Like the Catholic Church, other Christian denominations also have deacons, but their duties vary widely.
In the Episcopal Church, just as in the Catholic Church, deacons are ordained to assist on the altar at celebrations of Eucharist and to provide service such as visiting the sick and elderly.
Congregations of the Evangelical Lutheran Church in America select lay people to serve specific functions. For instance, there are preaching deacons who preach, visitation deacons who visit the sick and homebound, and congregational deacons who assist their pastors with the liturgy.
In the Presbyterian Church, deacons are ordained as lay officers of the church, but they do not perform a liturgical function like the Catholic and Episcopal deacons. Instead, the Presbyterian deacons, who are elected by their congregations, carry out a ministry of sympathy, witness and service to people in need, the sick, the friendless and anyone in distress within or beyond the congregation.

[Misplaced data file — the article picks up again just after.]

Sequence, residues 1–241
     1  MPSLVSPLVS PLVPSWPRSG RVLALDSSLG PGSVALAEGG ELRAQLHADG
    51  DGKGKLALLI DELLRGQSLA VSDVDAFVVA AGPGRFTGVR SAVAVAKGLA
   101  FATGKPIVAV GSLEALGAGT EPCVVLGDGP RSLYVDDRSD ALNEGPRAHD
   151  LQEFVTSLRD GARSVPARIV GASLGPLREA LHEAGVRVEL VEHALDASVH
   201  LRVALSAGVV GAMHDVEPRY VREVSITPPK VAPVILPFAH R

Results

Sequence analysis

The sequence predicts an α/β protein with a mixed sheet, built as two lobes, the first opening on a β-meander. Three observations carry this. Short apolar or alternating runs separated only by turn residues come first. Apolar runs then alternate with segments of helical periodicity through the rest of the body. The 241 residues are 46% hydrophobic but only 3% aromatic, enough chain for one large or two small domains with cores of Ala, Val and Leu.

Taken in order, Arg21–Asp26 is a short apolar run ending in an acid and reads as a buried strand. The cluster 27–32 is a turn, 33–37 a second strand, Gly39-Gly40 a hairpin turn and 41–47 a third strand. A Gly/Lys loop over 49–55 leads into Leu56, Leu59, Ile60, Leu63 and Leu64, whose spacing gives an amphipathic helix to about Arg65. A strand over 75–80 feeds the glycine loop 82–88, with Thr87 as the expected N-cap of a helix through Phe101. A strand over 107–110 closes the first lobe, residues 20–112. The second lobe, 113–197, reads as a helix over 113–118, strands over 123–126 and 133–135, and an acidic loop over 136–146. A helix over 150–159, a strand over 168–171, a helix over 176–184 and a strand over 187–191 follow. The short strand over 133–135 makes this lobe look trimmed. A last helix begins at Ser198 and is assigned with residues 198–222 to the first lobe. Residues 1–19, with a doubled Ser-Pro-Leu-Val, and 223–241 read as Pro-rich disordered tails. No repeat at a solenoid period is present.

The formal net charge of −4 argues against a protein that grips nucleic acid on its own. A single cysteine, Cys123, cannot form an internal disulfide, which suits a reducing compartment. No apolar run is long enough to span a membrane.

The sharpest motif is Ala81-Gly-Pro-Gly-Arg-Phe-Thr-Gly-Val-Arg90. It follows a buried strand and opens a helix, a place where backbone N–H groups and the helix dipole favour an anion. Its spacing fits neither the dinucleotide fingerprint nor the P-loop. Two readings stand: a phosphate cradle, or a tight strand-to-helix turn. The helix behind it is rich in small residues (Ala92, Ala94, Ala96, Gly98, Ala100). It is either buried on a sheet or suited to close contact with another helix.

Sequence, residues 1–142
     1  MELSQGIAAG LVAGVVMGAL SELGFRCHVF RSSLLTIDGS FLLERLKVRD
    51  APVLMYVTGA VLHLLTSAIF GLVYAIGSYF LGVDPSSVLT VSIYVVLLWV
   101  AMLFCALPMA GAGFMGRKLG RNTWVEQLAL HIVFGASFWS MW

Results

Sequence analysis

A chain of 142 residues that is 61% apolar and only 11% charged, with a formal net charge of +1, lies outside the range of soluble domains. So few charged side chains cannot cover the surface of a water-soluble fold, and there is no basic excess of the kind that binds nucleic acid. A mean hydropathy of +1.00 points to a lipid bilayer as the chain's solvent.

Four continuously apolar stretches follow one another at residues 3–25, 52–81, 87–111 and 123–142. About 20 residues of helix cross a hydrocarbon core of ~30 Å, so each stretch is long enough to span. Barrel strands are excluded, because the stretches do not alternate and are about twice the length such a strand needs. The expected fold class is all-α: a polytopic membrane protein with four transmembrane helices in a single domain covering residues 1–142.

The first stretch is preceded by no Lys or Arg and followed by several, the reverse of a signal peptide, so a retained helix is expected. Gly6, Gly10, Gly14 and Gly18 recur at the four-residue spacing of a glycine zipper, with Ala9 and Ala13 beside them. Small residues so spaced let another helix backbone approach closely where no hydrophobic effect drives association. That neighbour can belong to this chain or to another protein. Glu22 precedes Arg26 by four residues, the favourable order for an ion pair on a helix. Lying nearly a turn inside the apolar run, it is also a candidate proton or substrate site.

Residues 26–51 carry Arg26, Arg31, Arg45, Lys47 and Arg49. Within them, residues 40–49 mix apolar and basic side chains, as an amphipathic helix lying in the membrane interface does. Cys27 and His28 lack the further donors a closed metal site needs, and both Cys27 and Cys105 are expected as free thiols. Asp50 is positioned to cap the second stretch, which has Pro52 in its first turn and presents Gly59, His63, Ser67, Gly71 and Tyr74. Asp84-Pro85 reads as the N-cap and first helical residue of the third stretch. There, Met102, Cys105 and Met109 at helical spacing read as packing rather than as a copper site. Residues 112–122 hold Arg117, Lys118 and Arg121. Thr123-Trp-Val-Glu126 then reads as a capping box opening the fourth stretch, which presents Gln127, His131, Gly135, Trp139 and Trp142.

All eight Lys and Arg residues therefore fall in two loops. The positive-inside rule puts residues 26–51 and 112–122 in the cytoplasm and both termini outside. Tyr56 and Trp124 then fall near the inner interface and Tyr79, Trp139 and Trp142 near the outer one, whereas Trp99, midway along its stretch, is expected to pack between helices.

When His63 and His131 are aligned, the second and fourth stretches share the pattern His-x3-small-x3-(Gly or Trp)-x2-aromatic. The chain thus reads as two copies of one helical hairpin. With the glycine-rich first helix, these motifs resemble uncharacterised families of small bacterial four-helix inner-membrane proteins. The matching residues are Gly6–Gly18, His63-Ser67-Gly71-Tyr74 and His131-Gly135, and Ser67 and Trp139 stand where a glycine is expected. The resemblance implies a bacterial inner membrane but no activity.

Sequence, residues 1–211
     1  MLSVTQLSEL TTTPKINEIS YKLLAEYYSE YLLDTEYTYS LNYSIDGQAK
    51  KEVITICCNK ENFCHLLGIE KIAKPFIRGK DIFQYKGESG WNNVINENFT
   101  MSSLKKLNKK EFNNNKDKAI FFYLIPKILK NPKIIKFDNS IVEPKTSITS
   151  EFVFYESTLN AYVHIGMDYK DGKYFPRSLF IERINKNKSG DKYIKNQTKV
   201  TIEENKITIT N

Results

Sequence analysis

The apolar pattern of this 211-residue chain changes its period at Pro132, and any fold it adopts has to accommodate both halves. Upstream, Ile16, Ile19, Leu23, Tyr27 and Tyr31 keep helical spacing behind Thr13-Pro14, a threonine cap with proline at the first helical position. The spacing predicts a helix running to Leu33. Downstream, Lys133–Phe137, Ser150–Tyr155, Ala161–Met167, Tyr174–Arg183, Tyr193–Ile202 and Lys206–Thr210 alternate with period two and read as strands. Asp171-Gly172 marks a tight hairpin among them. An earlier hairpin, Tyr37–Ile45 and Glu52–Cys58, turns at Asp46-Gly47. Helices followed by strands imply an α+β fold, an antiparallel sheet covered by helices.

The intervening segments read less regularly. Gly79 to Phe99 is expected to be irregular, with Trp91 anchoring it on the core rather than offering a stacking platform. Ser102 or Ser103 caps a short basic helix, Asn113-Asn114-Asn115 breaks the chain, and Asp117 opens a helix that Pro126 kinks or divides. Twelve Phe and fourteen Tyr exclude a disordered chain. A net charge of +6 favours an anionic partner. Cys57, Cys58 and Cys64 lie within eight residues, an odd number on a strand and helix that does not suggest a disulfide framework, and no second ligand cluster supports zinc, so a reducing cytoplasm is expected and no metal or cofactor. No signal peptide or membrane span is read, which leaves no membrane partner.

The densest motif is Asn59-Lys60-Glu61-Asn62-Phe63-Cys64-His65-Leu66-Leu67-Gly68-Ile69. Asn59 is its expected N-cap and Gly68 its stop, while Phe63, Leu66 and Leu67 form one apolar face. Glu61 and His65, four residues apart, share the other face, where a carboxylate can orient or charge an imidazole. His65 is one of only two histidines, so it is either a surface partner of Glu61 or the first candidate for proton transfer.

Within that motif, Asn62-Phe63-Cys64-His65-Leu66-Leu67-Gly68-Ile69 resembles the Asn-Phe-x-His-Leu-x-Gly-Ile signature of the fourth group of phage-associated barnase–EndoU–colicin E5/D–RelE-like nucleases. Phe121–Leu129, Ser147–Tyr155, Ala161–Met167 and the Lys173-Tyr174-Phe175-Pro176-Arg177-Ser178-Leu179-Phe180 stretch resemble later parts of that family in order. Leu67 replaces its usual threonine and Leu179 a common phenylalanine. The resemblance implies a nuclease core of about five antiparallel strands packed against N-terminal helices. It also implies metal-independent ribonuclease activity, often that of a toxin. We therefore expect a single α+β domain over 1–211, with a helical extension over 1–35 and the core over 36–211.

United Methodist deacons are ordained for service in such positions as business administrator, director of music and director of Christian education. They do not perform sacramental functions.
Deacons in the United Church of Christ are ordained to advance the spiritual life of the congregation. They prepare the altar and elements for services with communion, oversee the music ministry and visit the sick and shut-ins.
Baptist deacons are appointed by the congregation and ordained after a period of training and evaluation. Their functions vary from church to church, but they may include teaching Sunday school, conducting prayer meetings and Bible study, serving communion, visiting the sick and providing assistance to people in financial need.